Other than the above similarities, swallows and martins are quite different. The barn swallow has blue highlights on their back, while their forehead and throat are orange. The common house martin, they have a white throat, a more rounded appearance and no blue highlights. The swallow's tail is also extremely forked and its two ends are very elongated to form a large V-shape.
Swallows, martins and swifts in flight
Noticing the difference between these birds in flight is a little more complex. It is one of the main reasons why it is difficult to tell the difference between a swift, a swallow and a martin. Swifts fly faster, higher, and more linearly than swallows. They also emit a short, monotonous screech when flying. They can also be differentiated by their crossbow shape, with their thin wings being the string shape. Their tail is slightly forked, more closed than that of martins and shorter than that of swallows.
Swallows, for their part, differ from swifts by flying slower and lower than swifts. They are also known for performing a large number of maneuvers and acrobatics. Their singing is more musical and is made up of a series of chirps and trills. As for their appearance in flight, they differ from the swift thanks to their white belly. However, we often cannot see their belly up high, so we can tell the difference better by their tails.
The tails of martins is also forked, but more open than that of swifts. In addition, common house martins have a more ‘plump’ appearance than swallows, while swallows have a more streamlined appearance. House martins do not have the same characteristic ‘V’.
If you have found a baby swallow, house martin or swift, we encourage you to read this other article on what to do when you find an injured bird.
Difference between swallow, swift and martin nests
Nesting is another important difference between swallow and swifts. The species of the Hirundinidae family build their nest adhering to the walls and roofs of buildings, but this is not theit is different in airplanes and swallows. Swifts, however, nest within gaps in buildings , usually in older buildings. To fully appreciate the difference, let's take a closer look at it.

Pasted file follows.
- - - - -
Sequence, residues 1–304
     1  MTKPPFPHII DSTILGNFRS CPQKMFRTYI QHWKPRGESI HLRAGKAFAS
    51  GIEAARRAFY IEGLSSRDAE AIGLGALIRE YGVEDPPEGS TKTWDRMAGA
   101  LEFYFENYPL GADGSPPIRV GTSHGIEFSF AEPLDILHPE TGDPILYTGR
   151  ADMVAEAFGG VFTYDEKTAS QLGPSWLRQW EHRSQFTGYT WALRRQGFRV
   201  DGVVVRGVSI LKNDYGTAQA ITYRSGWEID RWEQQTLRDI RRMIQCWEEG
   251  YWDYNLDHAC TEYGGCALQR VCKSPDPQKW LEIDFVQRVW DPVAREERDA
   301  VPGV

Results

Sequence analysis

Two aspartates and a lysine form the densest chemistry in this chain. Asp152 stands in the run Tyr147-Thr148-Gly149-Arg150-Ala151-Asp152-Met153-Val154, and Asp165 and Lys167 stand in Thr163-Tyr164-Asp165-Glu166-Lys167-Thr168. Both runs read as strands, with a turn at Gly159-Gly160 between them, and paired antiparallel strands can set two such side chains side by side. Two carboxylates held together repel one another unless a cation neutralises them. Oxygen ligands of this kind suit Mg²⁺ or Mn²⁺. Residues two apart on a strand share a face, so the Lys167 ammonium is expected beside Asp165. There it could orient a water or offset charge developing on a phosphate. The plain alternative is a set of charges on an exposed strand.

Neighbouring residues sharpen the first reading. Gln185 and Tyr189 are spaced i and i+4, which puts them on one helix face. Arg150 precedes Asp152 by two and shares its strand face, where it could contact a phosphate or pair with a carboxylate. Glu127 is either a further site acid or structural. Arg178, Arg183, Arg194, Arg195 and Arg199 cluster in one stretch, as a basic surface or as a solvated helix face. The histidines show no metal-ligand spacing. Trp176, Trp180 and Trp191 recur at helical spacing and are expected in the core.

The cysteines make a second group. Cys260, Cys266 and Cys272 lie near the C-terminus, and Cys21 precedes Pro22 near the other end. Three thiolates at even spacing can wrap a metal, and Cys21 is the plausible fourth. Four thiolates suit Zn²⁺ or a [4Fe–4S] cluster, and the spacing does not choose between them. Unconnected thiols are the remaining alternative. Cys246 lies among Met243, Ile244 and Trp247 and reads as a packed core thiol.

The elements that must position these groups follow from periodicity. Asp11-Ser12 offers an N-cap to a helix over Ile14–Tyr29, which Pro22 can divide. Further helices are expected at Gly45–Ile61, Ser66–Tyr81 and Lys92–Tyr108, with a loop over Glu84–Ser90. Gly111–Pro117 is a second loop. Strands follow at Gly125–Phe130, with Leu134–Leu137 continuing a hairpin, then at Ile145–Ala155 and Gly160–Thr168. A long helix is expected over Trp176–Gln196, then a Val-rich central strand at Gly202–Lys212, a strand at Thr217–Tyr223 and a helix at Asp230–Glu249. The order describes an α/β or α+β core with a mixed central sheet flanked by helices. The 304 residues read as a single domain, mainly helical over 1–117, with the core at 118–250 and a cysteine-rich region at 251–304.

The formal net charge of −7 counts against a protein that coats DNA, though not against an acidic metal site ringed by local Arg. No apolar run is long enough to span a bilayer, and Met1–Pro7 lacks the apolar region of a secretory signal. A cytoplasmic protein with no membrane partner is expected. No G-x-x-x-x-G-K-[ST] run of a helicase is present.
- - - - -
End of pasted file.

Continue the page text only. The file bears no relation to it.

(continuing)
Barn swallow nest
When spring comes, the pairs of swallow mates get together and begin to build their nest. To do this, they collect mud and form small balls. Little by little, they adhere the clay-like substance they create to the wall or roof of a building. It is a fascinating piece of architectural work. The barn swallow's nest is cup-shaped and usually located under cover. As their name suggests, they would often attach themselves to barns when available.
Common house martin nest
The martin's nest is shaped as a closed hemisphere with a small entrance at the top. Both species often reuse nests from previous years and often reunite with other pairs to form colonies. Martin nests are usually larger and more compact, resembling our townhouses.
Common swift nest
Swift nests are also usually located in human constructions, although in spaces within the roofs and other parts rather than attached to walls. Some pairs, however, prefer to nest on slopes, cliffs and even the cavities of trees.
The construction of the swift nest also begins in spring. The couple, very faithful to monogamy, spend a lot of time collecting plant matter. With it, with feathers and saliva, build a kind of cup in the lower part of the chosen hole . There, the pair will lay their eggs and return each spring to rebuild the nest.
Now that you can tell the difference between swifts, swallows and martins, you might be encouraged to see what other type of wild birds you can see in your environment. It is important to note that these birds are not suitable to be kept as pets and should never be trapped. If you do want to adopt a bird, take a look at this article on the different types of pet birds which might be suitable for you.
If you want to read similar articles to The Difference Between Swallows, Swifts and Martins, we recommend you visit our Facts about the animal kingdom category.
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Encyclopedia of the birds of Spain . SEO / BirdLife - BBVA Foundation. 2008.